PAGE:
09 Jan Low Percentage of Trafficking Cases Reported in Michigan
Few human trafficking cases reported despite publicity, state police say
by Gary Ridley
LANSING, MI — The Michigan State Police claim few cases of human trafficking were reported last year in Michigan despite widespread publicity from elected officials and new laws aimed to combat the issue.
In an email sent Tuesday, July 21, 2015 to law enforcement agencies across Michigan, the Michigan State Police claimed that only three incidences of human trafficking were reported statewide in 2014 by local law enforcement.
The crime has been a hot-button issue for state Attorney General Bill Schuette since he took office in 2011. His office boasts an initiative established early in his term to prosecute human traffickers, and he oversees a commission tasked with investigating the issue.
The low number of reports doesn’t necessarily indicate that human trafficking crimes aren’t happening in the state, according to Schuette’s spokeswoman, Andrea Bitely.
Bitely said the nature of human trafficking makes it difficult for law enforcement to identify and track. She said many victims of human trafficking are unable or unwilling to self-report the crimes against them and law enforcement has the difficult task of distinguishing victims from criminals.
The state began collecting data for 2014 on two new categories of human trafficking offenses, particularly crimes related to prostitution and involuntary servitude, in order to comply with the Federal Bureau of Investigation’s Uniform Crime Reporting Program.
The FBI began collecting offense and arrest data in January 2013 regarding human trafficking after a 2008 law was passed requiring them to gather the information, according to FBI spokesman Stephen G. Fischer Jr.
Fischer declined to comment if other states reported similarly low numbers of reports in 2014, saying those statistics wouldn’t be released until later this year.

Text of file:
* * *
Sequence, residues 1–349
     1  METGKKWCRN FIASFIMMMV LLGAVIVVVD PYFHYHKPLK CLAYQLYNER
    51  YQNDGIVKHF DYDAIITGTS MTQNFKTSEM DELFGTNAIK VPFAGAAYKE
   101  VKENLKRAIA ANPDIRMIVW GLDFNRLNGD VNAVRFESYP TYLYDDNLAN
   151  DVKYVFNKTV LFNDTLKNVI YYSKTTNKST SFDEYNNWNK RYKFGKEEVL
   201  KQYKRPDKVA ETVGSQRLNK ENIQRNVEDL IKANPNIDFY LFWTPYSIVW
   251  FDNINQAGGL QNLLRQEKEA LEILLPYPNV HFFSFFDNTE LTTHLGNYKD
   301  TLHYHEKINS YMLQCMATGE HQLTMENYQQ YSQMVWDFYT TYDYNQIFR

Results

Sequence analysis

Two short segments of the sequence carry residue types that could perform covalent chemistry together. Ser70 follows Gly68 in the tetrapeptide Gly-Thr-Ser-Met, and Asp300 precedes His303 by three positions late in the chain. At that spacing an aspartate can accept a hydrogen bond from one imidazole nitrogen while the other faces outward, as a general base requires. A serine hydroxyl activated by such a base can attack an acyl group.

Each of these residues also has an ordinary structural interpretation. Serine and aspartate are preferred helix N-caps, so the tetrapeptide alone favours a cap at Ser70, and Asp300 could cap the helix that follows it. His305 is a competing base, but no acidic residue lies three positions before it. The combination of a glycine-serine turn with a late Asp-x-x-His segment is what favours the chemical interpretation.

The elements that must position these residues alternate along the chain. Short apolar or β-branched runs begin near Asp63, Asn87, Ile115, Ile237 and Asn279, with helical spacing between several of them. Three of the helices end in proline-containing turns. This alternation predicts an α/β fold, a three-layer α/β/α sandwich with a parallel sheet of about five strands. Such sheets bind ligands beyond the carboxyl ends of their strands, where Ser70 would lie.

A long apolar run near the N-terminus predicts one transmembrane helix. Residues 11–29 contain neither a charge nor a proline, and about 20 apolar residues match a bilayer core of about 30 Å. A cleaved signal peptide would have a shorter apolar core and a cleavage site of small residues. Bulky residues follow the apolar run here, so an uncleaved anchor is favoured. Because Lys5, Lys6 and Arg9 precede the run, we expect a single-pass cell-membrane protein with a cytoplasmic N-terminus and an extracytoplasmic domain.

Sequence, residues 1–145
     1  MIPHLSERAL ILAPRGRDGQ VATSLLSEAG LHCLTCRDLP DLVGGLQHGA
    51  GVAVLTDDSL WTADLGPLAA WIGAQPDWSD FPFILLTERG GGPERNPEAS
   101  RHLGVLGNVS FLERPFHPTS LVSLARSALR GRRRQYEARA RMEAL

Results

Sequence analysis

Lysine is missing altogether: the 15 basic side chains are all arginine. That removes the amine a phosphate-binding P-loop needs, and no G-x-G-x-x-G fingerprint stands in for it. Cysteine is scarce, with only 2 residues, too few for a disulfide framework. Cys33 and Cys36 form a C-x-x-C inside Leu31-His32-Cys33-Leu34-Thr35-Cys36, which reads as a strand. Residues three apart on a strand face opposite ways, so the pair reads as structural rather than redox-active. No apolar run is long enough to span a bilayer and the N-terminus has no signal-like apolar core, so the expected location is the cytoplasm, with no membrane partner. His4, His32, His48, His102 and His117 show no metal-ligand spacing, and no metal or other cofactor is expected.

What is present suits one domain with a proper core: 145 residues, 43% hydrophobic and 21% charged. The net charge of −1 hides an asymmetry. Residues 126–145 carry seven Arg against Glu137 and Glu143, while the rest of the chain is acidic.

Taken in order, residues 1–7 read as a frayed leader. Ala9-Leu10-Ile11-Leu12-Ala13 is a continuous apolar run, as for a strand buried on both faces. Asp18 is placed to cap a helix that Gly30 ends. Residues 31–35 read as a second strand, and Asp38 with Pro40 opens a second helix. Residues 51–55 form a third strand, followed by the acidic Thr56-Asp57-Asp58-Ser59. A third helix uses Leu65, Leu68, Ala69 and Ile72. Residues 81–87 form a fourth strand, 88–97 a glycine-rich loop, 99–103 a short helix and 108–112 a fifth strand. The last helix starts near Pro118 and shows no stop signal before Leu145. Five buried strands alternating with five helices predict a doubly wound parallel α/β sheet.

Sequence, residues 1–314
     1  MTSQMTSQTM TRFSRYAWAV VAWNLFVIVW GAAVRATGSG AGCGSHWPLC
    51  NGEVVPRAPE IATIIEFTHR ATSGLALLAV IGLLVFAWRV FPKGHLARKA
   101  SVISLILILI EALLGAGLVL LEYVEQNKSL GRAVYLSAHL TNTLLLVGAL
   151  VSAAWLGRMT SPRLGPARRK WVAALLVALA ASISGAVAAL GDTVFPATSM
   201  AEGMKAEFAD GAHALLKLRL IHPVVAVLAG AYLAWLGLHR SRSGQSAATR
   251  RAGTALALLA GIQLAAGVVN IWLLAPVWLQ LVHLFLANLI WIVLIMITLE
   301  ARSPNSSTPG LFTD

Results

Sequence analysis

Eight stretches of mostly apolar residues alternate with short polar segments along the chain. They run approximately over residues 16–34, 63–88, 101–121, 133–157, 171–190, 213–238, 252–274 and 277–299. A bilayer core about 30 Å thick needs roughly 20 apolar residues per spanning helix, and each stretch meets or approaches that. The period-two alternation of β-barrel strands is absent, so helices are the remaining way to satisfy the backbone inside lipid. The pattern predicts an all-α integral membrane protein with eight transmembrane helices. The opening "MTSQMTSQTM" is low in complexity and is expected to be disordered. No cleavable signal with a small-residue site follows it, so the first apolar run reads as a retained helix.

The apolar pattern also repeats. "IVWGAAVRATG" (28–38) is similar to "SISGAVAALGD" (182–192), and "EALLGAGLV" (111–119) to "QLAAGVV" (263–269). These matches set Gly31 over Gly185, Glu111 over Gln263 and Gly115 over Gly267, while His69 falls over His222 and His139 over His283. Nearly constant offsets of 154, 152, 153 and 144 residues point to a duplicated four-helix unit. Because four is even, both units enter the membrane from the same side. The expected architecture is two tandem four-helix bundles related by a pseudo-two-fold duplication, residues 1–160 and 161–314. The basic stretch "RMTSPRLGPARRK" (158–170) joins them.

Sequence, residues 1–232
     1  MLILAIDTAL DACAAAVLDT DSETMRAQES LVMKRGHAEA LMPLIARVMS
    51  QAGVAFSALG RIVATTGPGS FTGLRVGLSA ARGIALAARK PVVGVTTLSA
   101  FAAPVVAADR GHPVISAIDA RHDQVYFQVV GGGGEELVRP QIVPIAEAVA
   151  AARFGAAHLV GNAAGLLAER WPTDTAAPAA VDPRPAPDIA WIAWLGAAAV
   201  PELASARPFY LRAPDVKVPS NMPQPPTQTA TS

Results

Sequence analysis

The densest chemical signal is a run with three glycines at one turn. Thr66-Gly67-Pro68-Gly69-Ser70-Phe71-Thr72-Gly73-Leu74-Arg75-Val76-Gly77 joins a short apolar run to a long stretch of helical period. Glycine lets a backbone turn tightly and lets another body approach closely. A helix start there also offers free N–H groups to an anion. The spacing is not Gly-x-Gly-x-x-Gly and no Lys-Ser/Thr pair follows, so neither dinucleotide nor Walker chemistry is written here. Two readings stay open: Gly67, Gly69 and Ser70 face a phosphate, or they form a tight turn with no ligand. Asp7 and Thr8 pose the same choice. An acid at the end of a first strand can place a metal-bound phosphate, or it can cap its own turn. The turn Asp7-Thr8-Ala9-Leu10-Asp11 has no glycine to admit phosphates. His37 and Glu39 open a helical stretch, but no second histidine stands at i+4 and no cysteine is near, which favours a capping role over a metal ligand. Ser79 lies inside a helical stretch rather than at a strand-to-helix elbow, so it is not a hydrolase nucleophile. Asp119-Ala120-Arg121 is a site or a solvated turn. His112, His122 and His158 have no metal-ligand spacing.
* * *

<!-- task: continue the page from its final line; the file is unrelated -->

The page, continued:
U.S. Sen. Gary Peters, D-Bloomfield Twp., also stumped in Michigan in favor of federal legislation earlier this year to help combat human trafficking.
The Michigan Commission on Human Trafficking, in a 2013 report to the Legislature and governor, claimed that trafficking-related crimes may be underreported as many trafficking victims do not identify themselves as victims.
Trauma bonds, psychological manipulation and mistrust of authority figures may prevent victims from coming forward, according to the commission.
Genesee County Prosecutor David Leyton, who serves on the state’s human trafficking task force, said he wasn’t surprised to see such a low number of incidents reported to the State Police.
“We’re only just now beginning to recognize the crime,” Leyton said.
Leyton agreed that identifying human trafficking victims presents unique challenges for law enforcement agencies.
“Sometimes, the crimes overlap,” Leyton said.
Learning how to identify when a person is actually being victimized is a major goal behind the commission, Leyton said.
“Training is a vital piece of what we’re doing at the human trafficking commission,” Leyton said. “We want to do some intensive training.”
The state police, in its email, said it would work to provide additional training, intelligence and case support to assist law enforcement in identifying human trafficking situations.
The goals of the trafficking commission go beyond just training law enforcement officers.
Medical personnel, counselors and other groups that deal with individuals at risk for trafficking are receiving extra training to help identify possible trafficking situations.
Leyton said the publicity brought to the issue can also help the public learn to spot possible trafficking victims.
Signs such as an individual not knowing their address, not having identification or not being allowed to freely interact with other people could all be signs of a potential trafficking situation, Leyton said.
Both Schuette’s office and Leyton said they expect to see the number of cases of human trafficking reported by law enforcement agencies increase as awareness and training on the issue continues.
“It’s certainly out there on a smaller, local scale,” Leyton said.